Dong Thap, Long An, and An Giang Provinces
September 2017 - August 2020
The idea of “Monkey Cheeks” is a metaphor adopted in Thailand to visualize wetlands as a temporary flood storage area. This concept of flood storage or water retention is attracting growing interest at high levels in Vietnam as a way to mitigate extreme floods and droughts.
In the upper Mekong Delta, the monkey’s cheeks are represented by two natural flood plains: (1) the Plain of Reeds (POR) to the east and (2) the Long Xuyen Quadrangle (LXQ) to the west. Together, this area measures approximately 1.3 million hectares. Since reunification in 1975 and particularly over the last 15 years, these flood plains have undergone considerable human modification. In response to national food shortages and in order to grow first two and then three crops of rice a year, high dikes were built to displace floodwaters. However, this strategy has not been without dramatic consequences: increased downstream flooding, sediment loss and declining soil fertility, reduced shallow aquifer recharge, accumulation of Persistent Organic Pollutants, and a large decline in capture fisheries.
The effects of climate change have seriously impacted the Mekong Delta and will continue to do so as projections indicate an increase in extreme flood and drought events and sea level rise. The Monkey Cheeks strategy aims adapt to these changes by restoring the flood retention function of the delta through new approaches to land and water management made possible by the completion of the Mekong Delta Plan (MDP) in 2013. To accomplish this, the program will invest in profitable but low risk flood-based farming systems that will conserve or restore flood retention capacity.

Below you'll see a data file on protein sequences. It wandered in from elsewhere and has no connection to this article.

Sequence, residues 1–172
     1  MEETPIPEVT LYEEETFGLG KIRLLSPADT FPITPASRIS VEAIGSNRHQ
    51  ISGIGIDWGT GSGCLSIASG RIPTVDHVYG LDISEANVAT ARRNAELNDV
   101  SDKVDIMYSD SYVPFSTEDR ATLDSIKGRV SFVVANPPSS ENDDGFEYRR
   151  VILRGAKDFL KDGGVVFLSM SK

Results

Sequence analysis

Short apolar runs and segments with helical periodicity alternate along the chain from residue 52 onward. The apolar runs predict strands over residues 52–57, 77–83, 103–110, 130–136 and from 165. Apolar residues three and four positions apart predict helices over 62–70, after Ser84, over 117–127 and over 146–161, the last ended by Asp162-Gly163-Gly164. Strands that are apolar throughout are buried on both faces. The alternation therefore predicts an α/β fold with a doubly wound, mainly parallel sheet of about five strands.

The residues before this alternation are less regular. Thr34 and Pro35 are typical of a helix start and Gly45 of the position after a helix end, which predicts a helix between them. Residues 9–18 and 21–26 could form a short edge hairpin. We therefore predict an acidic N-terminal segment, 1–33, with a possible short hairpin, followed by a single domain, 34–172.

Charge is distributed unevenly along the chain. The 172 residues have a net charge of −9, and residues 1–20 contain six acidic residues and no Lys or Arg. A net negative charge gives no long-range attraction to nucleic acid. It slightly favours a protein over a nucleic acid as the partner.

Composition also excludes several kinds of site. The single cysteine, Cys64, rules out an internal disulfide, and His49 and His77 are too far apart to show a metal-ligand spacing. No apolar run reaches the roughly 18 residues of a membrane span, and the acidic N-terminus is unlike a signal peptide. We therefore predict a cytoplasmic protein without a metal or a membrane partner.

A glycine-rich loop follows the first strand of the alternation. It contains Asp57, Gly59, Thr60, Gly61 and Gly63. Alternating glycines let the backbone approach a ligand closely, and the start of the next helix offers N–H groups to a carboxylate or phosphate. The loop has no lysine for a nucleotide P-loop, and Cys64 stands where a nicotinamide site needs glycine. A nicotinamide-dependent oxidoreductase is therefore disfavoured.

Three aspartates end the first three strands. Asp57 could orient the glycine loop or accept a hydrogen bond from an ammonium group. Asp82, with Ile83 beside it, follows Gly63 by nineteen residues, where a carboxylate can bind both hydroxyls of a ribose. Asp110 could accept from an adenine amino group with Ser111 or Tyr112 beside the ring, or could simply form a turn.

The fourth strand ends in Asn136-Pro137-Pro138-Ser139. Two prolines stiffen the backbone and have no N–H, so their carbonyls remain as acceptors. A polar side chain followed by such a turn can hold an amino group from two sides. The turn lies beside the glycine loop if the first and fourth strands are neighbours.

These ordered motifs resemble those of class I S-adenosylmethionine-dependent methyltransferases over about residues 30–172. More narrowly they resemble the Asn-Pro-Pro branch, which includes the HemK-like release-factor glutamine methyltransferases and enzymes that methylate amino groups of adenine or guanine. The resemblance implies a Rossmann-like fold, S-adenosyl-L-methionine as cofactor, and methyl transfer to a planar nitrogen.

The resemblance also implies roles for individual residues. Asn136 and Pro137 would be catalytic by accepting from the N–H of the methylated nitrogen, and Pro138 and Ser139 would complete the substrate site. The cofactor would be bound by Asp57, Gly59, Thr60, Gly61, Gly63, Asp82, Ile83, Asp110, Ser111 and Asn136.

Objective of the project:
- Implement farmer demonstrations of financially attractive, low risk, flood-based livelihoods across approximately 450 hectares of rice growing land which will retain approximately 6.7 million m3 of flood water and which can be up-scaled in other rice production areas in order to increase flood retention areas in the POR/LXQ.
- Farmer supported livelihood designs and implementation plans
- Updated district land use plans which include input from the local community
- Strengthened community drought and flood early-warning systems
- Increased community and government understanding of markets and market demand for flood-based agricultural products
- 450 hectares of flood retention area that provides increased farmer income
- Knowledge of flood-based livelihood upscaling potential and its contribution to social and ecosystem resilience
- Other initiatives that upscale the water retention strategy demonstration model.
The project will invest in approximately 450 hectares of flood-based livelihoods, thereby conserving or restoring approximately 6.7 million m3/year of flood retention capacity. The expected annual implementation outcomes over 3 years are expected to be:
- Year 1: 100 hectares = 1.5 million m3
- Year 2: 150 hectares = 2.3 million m3
- Year 3: 200 hectares = 2.9 million m3
Scaling up the demonstrations will help restore some of the 4 billion m3 of water retention that was lost in the decade between 2000 and 2011.
Donor: Coca Cola Foundation
A three way cooperation agreement with each of the three Provincial People’s Committees (Dong Thap, Long An, and An Giang), IUCN, and Coca Cola.
In Dong Thap, the project will cooperate with the Dong Thap DARD, Thap Muoi District People’s Committee, and Can Tho University; in Long An, the project will cooperate with Long An DARD, Tan Hung District Peoples Committee, and Can Tho University; and in An Giang, the project will cooperate with An Giang DARD, Tri Ton District People’s Committee, and An Giang University.
Dr. Andrew Wyatt – Deputy Head, IUCN Indo-Burma Region at Andrew.WYATT@iucn.org
Mr. Tang Phuong Gian – Mekong Delta Field Programme Officer at Gian.TANGPHUONG@iucn.org